A’s error allows Mariners to steal series opener

Nori Aoki slides into third base as Stephen Vogt’s throw gets past third baseman Mark Canha. Aoki then scampered home for the winning run. (Ben Margot/AP)

Nori Aoki slides into third base as Stephen Vogt’s throw gets past third baseman Mark Canha. Aoki then scampered home for the winning run. (Ben Margot/AP)

OAKLAND — The Athletics’ demons have not been exorcised after all.

Despite slowing their rate of committing fielding blunders, it was a throwing error that allowed the Mariners to steal the series opener on Monday at the Coliseum, 4-3.

Before the game, A’s manager Bob Melvin said he was relieved that his team has recently been on the winning side of one-run games — as opposed to last year when it led the league in the narrowest of defeats.

After the game, the Oakland skipper and his players said the loss was due to the unfair nature of “the game of baseball.” The Baseball Gods’ cruel disposition was on full display in the early innings when A’s hitters had two otherwise promising frames stunted by lining into double plays.

“You just try to put the barrel on the ball, nowadays there are guys in different positions than you’re used to seeing and there was a couple of those today” that made the difference, Melvin said.

With little run support, Oakland starting pitchers have struggled in the last 10 games. Even with a couple strong showings from newcomers Sean Manaea and Jesse Hahn, A’s starters had a 7.05 earned run average while allowing opponents to hit .296 over the last nine games before Kendall Graveman’s outing on Monday.

Graveman didn’t help those numbers as he surrendered four earned runs on 10 hits over 6 ⅓ innings. It was his second-straight outing allowing double-digit hits.

The Mariners did their damage in the fourth and sixth innings, scoring three combined runs on seven hits. Both rallies started off the bat of Seattle superstar Robinson Cano who drove a double to right to lead off the fourth and served a single over the second baseman’s head in the sixth.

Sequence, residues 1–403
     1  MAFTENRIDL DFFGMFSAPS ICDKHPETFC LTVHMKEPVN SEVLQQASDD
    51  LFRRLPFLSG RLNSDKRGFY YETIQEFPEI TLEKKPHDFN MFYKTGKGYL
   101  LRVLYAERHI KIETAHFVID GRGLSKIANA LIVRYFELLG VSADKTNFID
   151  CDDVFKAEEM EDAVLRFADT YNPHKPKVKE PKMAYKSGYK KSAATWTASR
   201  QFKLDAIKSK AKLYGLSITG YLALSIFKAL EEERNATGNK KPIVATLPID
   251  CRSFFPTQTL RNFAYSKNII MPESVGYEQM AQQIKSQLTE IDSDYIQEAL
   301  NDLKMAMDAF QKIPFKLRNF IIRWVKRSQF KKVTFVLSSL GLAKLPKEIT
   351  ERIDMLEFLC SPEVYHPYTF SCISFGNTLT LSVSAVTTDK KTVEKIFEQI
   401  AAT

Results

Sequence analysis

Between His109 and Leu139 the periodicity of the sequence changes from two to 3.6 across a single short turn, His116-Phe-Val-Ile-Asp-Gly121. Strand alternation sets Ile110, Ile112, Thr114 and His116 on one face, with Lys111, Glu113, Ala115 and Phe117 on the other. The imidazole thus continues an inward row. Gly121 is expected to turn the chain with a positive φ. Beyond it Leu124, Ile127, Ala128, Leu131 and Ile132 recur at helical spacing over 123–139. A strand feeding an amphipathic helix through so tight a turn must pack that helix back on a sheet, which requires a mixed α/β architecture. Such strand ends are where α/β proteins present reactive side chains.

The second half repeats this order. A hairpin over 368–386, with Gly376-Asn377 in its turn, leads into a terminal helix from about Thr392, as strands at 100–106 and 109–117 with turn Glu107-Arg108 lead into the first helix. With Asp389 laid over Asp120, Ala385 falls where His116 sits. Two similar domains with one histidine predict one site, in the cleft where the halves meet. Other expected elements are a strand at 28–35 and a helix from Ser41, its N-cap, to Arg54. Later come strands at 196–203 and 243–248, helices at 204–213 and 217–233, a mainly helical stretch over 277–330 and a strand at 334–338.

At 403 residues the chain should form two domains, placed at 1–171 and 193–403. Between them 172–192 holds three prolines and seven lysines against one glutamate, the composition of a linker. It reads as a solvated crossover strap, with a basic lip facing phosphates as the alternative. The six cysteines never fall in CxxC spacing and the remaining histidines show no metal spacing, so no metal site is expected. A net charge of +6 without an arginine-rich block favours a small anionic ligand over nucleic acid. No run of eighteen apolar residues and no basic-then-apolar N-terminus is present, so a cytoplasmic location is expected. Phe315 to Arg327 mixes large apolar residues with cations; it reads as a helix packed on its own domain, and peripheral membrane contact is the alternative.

“[Cano] started swinging [early in counts]. I thought I made a quality pitch down in the zone but he stayed on it, a sinker down and away, and he hit a double in the gap,” Graveman said. “There was no extra pressure [facing him], or with [Nelson] Cruz. They just placed it to the right spot. [They weren’t] hit well.”

Khris Davis, for whom the A’s traded this offseason, appears to have overcome his early-April slump. He hit two no-doubt home runs off Mariners starter Nathan Karns and has five long-flies over the last 11 games.

“Hit one as far as he did in our ballpark to centerfield at night here means you can hit it out anywhere,” Melvin said of Davis’ two-run shot in the seventh.

But Davis’ heroics weren’t enough as an errant throw from Stephen Vogt to third base allowed a stealing Nori Aoki to score the winning run.

“It’s a ball I shouldn’t even throw,” Vogt said. “[Aoki] got such a good jump and I tried to be too quick and I’ve got to be smarter than that. It’s 100 percent on me.”

The defeat left the veteran catcher with a bitter aftertaste.

“When you lose by one, you start second guessing everything that happened in the game and what you can change and things like that,” he said. “Like we always do, we get the winning run on base and we’re one hit away.”

The A’s, playing with meager expectations illustrated by a generously counted 10,535 fans, have now lost seven of their last 10.

A’s ace Sonny Gray returns to the mound today, hoping to move past his dreadful last start against the Detroit Tigers. Gray lasted just two innings, throwing 65 pitches. He’ll face Hisashi Iwakuma of the Mariners.

Bob Melvinjacob c. palmerKendall GravemanKhris DavisMLBOakland A'sOakland AthleticsSeattle MarinersStephen Vogt

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